Sabapathy's method for looking at the emergence of the idea of and the mechanisms for accountability as applied to the four groups or types of officials mentioned above is to move from the general to the specific, from reflections on this core problem of public life and government to a case study (or two) wherein the quest for or the pursuit of accountability was put to the test (with varying results). The first official to be scrutinized is the bailiff, he who was entrusted with the manorial accounts and finances. Did he give his lord an honest account, following the lead of the good steward in the Gospels (and held up in our day as a powerful role model)? What check was there against the possibility that he had skimmed the revenues, doctored the accounts, skipped off with a full purse, and then resisted efforts--aided by family and friendly legal advisors--to bring him to account? And though there were many treatises on estate management, from medieval England and reaching back to the Romans, there was little by way of an "action of account" to instruct the bailiff's superiors (let alone those who might suffer from his depredations) regarding his "liability to account." It was not easy to bring him to task. In the early twelfth century Robert of Chilton was never really brought by Battle Abbey to own up for his term of service, though in the late thirteenth century the de Valence family did eventually catch up with John de Valle; much legal maneuvering there was on both sides and in both cases. Slowly and not always surely, the idea of accountability was emerging--and usually with a "pro-landlord" tilt--and corrective measures of some sort were incorporated into the agenda of the reform-and-protest movement of the 1250s and then into the legal treatises of the following generations.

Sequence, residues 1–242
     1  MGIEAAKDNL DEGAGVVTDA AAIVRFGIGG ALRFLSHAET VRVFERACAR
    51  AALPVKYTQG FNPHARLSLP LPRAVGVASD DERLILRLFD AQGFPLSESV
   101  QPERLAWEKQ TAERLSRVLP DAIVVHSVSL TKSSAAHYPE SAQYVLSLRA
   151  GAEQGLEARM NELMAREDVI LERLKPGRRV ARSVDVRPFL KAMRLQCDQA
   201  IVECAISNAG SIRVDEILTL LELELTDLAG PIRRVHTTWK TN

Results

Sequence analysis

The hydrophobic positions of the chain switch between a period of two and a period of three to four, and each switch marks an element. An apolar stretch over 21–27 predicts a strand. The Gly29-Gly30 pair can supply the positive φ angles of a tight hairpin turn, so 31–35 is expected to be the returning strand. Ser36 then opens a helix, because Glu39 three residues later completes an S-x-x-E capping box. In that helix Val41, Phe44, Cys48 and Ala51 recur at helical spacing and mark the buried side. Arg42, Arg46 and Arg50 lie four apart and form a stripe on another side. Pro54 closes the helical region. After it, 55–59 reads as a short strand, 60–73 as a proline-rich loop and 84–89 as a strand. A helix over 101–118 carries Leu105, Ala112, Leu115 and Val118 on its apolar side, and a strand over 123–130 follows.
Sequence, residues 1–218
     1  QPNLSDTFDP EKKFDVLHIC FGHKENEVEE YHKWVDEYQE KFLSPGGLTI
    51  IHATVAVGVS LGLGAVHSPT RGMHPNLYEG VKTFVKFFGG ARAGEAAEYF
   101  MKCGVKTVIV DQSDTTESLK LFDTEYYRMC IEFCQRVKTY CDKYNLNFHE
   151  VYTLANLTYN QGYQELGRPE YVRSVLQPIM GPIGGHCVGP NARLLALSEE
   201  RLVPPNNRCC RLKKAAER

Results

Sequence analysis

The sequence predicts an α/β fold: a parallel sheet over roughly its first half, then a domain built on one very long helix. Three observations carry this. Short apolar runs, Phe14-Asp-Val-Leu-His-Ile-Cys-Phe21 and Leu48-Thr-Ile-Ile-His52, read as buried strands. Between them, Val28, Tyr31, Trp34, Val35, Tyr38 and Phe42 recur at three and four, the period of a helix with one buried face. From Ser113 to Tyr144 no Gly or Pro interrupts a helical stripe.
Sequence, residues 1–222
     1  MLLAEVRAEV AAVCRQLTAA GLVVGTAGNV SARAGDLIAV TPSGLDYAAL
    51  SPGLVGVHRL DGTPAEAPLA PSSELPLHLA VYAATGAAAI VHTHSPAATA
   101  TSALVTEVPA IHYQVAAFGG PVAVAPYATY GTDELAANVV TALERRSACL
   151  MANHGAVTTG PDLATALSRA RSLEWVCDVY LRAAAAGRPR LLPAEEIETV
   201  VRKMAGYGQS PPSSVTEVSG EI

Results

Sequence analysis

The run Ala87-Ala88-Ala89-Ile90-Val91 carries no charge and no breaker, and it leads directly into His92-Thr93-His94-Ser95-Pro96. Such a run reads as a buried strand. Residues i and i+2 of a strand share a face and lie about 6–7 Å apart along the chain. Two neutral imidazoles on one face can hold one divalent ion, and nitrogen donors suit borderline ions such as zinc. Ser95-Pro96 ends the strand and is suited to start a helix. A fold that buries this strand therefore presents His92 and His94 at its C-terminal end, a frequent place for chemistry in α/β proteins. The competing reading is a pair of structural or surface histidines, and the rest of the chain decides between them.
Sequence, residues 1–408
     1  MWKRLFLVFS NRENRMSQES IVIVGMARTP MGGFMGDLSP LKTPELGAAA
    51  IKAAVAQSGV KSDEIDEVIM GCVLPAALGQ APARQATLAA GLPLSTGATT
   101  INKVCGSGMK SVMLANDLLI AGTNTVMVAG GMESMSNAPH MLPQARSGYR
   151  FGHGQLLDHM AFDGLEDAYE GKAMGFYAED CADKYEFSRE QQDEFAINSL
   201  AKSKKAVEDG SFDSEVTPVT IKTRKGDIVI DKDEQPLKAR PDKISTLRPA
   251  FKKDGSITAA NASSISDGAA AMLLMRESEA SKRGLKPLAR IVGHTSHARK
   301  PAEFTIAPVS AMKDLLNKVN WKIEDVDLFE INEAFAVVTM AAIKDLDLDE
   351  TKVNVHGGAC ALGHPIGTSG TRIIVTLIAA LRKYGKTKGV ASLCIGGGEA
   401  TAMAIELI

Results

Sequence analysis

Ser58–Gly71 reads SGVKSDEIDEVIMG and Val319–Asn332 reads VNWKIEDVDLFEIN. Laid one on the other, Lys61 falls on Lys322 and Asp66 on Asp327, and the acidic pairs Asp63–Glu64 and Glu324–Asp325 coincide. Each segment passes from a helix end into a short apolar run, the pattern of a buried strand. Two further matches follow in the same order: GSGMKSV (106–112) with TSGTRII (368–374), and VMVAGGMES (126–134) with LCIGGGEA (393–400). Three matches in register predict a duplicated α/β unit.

Sheriffs were a trickier case, being the king's "senior local official" in the county. Because a king has an insatiable appetite for revenue and because England's administrative apparatus was well developed by the twelfth century, in terms of historical evolution the sheriff's main obeisance was to the Exchequer's call for revenue, rather than to the need to represent the sovereign in the county as the local center-point of justice and accessibility. While Walter Map could offer scathing comments about the probity of these men, the Dialogue of the Exchequer reminds us that the call from headquarters was much louder and more forceful than complaints coming in at ground level. In the ongoing struggle between money and equity, we are in little doubt about the winner. However, as with those bailiffs and their free-wheeling ways, a call for the reform of and restraints upon the sheriff was a part of the baronial demands in the rebellions of the 1250s, though it was tough sledding given "the fundamentally extractive nature of the shrieval office." Some light down the tunnel, as (in the long run) "the right to insolence was increasingly open to question."